[Extract from introduction to George’s chapter] … From Tunapuna, Trinidad, Winifred Atwell (c. 1914-1983) was a classically trained ragtime and boogie-woogie style pianist who gained quite remarkable popularity in Britain, and later also Australia, in the 1950s, in live and recorded music, as well as in the developing television industry. In this chapter I outline her extraordinary international musical biography as a chart-topping pop and television star – innovative achievements for a black migrant female musician which are arguably thrown into more dramatic light by virtue of the fact that Atwell has been Wiinifred Atwell and her 'other piano' with rhythm accompaniment (no. 1, 1954)and remains a neglected figure in media and popular music (let alone jazz) history. I pay particular attention to her performative tactics and repertoire, developing material I introduced first in Circular Breathing: The Cultural Politics of Jazz in Britain. But our interest in Atwell should stem not only from her position as a significant figure neglected by history, for she speaks also to definitional issues of jazz. The chapter progresses into a discussion of the extent to which Atwell is a limit case of jazz in the developing pop world of the 1950s on….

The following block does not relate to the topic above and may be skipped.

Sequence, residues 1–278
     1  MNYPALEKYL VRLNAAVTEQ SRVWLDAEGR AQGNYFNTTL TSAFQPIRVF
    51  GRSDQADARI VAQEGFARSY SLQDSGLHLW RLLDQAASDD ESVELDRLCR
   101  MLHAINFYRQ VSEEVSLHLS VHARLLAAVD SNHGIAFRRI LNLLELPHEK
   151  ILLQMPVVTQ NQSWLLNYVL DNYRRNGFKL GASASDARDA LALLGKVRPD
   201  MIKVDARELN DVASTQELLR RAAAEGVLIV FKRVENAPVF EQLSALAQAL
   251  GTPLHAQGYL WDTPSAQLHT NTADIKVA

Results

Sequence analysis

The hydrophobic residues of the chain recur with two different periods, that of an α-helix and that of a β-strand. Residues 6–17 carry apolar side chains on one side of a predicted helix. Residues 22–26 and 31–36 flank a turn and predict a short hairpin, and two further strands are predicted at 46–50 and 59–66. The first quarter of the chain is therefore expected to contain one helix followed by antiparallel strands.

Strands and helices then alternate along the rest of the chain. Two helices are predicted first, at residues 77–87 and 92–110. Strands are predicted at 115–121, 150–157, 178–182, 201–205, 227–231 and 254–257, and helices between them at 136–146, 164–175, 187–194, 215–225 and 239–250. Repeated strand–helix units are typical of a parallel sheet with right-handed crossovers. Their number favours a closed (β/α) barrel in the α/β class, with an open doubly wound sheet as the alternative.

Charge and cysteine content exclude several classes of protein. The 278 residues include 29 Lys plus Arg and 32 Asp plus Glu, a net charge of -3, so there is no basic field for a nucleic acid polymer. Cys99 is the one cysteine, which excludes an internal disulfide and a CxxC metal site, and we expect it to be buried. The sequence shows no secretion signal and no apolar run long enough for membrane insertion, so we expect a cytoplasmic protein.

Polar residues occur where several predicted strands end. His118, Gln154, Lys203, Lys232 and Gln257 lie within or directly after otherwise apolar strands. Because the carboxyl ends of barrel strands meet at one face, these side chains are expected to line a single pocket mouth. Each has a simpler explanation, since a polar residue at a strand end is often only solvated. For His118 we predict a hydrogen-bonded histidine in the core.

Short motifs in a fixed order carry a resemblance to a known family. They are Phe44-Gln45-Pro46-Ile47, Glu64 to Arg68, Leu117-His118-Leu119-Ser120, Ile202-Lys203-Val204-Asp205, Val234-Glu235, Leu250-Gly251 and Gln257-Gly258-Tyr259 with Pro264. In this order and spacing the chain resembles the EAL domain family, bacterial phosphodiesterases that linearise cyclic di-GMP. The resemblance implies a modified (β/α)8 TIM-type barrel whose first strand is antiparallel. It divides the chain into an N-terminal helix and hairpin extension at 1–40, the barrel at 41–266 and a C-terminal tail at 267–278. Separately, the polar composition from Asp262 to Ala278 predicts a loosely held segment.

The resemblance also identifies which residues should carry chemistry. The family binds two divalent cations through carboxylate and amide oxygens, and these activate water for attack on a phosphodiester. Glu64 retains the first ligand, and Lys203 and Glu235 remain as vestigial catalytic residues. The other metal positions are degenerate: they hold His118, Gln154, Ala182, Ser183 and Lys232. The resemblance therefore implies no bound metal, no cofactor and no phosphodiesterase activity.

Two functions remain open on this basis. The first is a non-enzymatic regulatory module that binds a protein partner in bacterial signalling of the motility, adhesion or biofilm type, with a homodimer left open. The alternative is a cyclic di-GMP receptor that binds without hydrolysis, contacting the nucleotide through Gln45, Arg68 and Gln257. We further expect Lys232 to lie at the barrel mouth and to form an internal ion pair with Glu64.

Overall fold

Atwell topped the British singles charts twice, with 14 other top-30 singles during the 1950s, and she was also the first black million-selling singles artist in British pop history. Most of these achievements were the result of her playing jazz-derived instrumental music (solo or with a trio or quartet: piano-guitar-bass-drums). (Here you can read an interview I did with her drummer from the period, Colin Bailey.) Hers was a striking early example of a multiplatform media and music success: prestigious live performances and international tours, hit records, pop-jazz and classical repertoires, radio broadcasts, sheet music and piano instruction book sales, television presenter fronting her own series (on both main British channels and in Australia), and film appearances on screen and in the soundtrack….